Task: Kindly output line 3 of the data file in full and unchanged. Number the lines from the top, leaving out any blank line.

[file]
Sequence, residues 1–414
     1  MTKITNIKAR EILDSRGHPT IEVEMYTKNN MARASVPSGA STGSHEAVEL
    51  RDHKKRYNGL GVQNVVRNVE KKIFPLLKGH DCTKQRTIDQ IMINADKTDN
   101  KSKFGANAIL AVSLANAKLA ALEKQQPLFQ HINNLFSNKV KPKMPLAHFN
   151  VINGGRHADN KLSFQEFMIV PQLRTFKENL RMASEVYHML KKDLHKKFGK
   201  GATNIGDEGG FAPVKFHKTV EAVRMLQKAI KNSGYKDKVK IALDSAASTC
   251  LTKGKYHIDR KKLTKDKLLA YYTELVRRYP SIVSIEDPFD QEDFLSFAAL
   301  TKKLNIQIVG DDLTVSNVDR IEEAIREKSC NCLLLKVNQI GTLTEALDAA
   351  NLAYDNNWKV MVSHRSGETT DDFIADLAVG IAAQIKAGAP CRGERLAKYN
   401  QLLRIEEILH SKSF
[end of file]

    51  RDHKKRYNGL GVQNVVRNVE KKIFPLLKGH DCTKQRTIDQ IMINADKTDN